And, says Dr. Ebel, “They need to feel comfortable bringing up barriers with their care team so that they can be considered together.”
A call for health and policy equity
Local breastfeeding advocates stress that adequate support for all nursing parents – and system, societal and policy changes to make that support happen – are critical if the state and country are ever to achieve equity in breastfeeding and child health outcomes:
“To me, the most important part is directly addressing the inequity in human milk feeding outcomes,” Hoffmeister says. “The chart illustrating the different rates of breastfeeding between non-Hispanic Black parents and all other groups is deeply distressing, although not new or surprising.”
“We are failing to meet the needs of Black and Brown babies and parents and the results are fatal,” Hoffmeister says.
Below are the AAP’s key breastfeeding recommendations:
- The AAP recommends exclusive breastfeeding for about 6 months, with complementary food introduction at about 6 months, and as mutually desired by mother and child, and the AAP supports continued breastfeeding until 2 years or beyond.
- The AAP recommends that birth hospitals or centers implement maternity care practices that improve breastfeeding initiation, duration, and exclusivity, such as those in the WHO Ten Steps to Successful Breastfeeding, as monitored by the CDC.
- Pediatricians need to provide information so that parents can make an informed feeding decision. The parental feeding decision should be fully supported, without pressure or guilt by any member of the health care team.
- Parents giving birth should be supported to breastfeed through early initiation of skin-to-skin contact and frequent breastfeeding, with skilled lactation support readily available in maternity care facilities.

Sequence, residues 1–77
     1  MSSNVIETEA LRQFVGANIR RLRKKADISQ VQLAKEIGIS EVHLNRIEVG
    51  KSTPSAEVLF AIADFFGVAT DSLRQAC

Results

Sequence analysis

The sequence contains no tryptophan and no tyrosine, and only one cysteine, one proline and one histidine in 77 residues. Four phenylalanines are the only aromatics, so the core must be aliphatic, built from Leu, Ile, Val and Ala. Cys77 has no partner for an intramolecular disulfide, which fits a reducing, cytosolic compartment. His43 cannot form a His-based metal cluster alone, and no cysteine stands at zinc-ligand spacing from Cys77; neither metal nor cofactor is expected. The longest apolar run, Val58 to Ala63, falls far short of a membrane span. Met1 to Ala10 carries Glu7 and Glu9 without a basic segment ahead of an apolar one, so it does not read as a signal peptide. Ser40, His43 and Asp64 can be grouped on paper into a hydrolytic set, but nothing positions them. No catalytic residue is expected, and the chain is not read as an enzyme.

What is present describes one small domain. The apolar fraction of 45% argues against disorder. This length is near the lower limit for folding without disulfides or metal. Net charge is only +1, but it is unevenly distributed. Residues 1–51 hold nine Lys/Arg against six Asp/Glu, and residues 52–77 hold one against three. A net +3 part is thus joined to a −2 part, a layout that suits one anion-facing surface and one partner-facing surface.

- Pediatricians are encouraged to use current resources, such as LactMed, to provide guidance and avoid disrupting breastfeeding unnecessarily, even temporarily, because most maternal conditions, medications, and vaccinations are compatible with breastfeeding.
- Pediatricians need to be knowledgeable about the health benefits of breastfeeding and breastfeeding management and skillful in providing culturally congruent breastfeeding care. Pediatricians can implement breastfeeding-supportive policies and practices in their offices and be ready to partner with community resources to improve breastfeeding support. Pediatricians and pediatric practices may consider partnering with lactation specialists to support breastfeeding parents and children.
- Pediatricians play a role in advocating for socially and culturally sensitive policies that support breastfeeding families and can work to address inequities in the delivery of care in the office, the hospital, and the community to eliminate disparities in breastfeeding.
- Pediatricians can assist parents who have given birth to preterm and other vulnerable infants to establish a full supply of milk by working with hospital staff to facilitate early, frequent milk expression. Pasteurized donor human milk is recommended for very low birth weight infants when the mother’s milk is not available or as a supplement to the mother’s milk.
- Policies that protect breastfeeding, including universal paid maternity leave, the right of a woman to breastfeed in public, insurance coverage for lactation support and breast pumps, on-site child care; universal workplace break time with a clean, private location for expressing milk, the right to feed expressed milk, and the right to breastfeed in child care centers and lactation rooms in schools are all essential to supporting families in sustaining breastfeeding.
- National breastfeeding rates through the age of 2 years should be tracked and data should be stratified by known breastfeeding disparities by national public health infrastructure. These data should be stratified by race, ethnicity, and socioeconomic demographics for known breastfeeding disparities by states, local health departments, hospitals, and pediatric practices, because these data will inform areas that need improvement.